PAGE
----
Vaccinations and booster shots help your pet build up an immune response to certain types of infectious diseases. The vaccines contain commonly inactive forms of a disease that help your dog’s immune system understand and fight the disease. With this immune response ready, your pet’s body will be prepared to fight an active disease it might come into contact with. Vaccines make illnesses less severe, and in most cases, they can prevent the disease altogether.
Why You Need to Vaccinate Your Dog
By vaccinating your dog, you are helping your dog stay safe and stay alive. Vaccinations help prevent some very serious illnesses that can cause immediate pain and discomfort, as well as long-term effects like paralysis and even death. Puppies and senior dogs have the highest risk of dying from an infectious disease, so vaccinations are extra important for them.
Most vaccinations have a range of times when they are most effective. This is why many of the vaccinations that your dog gets need a booster every year. Some vaccinations, like the 3-year rabies vaccine, only require a booster every three years. Be sure to talk to your vet about creating a vaccination schedule that will keep your dog healthy and happy.
What to Expect at Your Dog’s Yearly Vaccinations
Along with offering tips to keep your dog healthy, your vet will likely recommend vaccinations at your dog’s yearly checkups. Your vet will give you a list of which yearly vaccines your dog needs, and which ones they think are the most important for your dog’s health.
You are always given a choice as to whether you want your pet to get the shots or not. However, some vaccines are always recommended. Dogs who get their yearly shots live longer, which gives you more time with your furry friend.
Six Important Annual Dog Vaccinations
This vaccine protects against five different diseases: Distemper, Adenovirus 1 & 2, Parainfluenza, and Parvovirus. These viruses have no known cure, and the DA2PP vaccination helps to prevent them from spreading.
This disease is transferred from an infected animal through a bite or scratch, and it is fatal. It is particularly important for dogs who spend time outdoors and off leash or who have a high prey drive to get rabies vaccines, as they are more likely to come in contact with an infected wild animal. Along with transfer from animal to animal, it can also pass from animal to humans, making it extremely dangerous.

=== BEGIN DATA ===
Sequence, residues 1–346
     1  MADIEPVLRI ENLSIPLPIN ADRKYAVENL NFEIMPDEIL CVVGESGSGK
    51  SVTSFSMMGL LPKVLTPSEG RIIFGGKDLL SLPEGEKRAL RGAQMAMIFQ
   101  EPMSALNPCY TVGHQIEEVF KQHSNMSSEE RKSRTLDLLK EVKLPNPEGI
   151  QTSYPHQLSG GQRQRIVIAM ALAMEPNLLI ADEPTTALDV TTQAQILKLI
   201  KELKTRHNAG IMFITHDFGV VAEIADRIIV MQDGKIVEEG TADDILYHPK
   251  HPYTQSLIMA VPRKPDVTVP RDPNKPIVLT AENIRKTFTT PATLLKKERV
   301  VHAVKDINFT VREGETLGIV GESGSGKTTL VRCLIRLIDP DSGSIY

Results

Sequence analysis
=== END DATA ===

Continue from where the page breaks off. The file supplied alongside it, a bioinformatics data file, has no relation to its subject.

This disease is the most common cause of kennel cough in dogs. It spreads quickly, so this vaccination is required at many kennels, dog shows, groomers, and doggy daycares.
With many different types of symptoms, this disease can often go undiagnosed for a while. It may cause kidney failure, and can live in water or soil for weeks at a time. Animals may also pass it to their humans, making it an important disease to vaccinate against.
5. Canine Influenza
Dogs can get the flu, too. Symptoms range from lethargy and trouble eating, to coughs and sneezes, or more severe symptoms. It also spreads rapidly throughout dog populations.
6. Lyme Disease
While this one is a hotly debated vaccination in the veterinary medicine community, it may be recommended for dogs who live in an area with a high tick population and routinely spend time outside in high grasses or thickly wooded areas.
Taking Care of Your Dog After Vaccinations
Some dogs may feel tired and sore after they receive their vaccinations. Plenty of rest and relaxation should have them feeling better within 24-72 hours of the inoculation. Complications are rare, but if you notice any swelling, hives, vomiting, diarrhea, or difficulty breathing, contact your vet immediately.
Vaccinating Your Dog in Gilbert, Arizona
Whether your dog needs their first puppy vaccinations or their annual booster shots, we’re here to help. Maricopa County requires certain vaccinations for your dog, and we’re happy to answer any questions you may have about vaccinations and which ones your pet needs. The highly educated and loving staff at East Valley Animal Hospital can help you keep your dog safe and healthy for years to come. To protect your pet, schedule an appointment with our veterinarians today.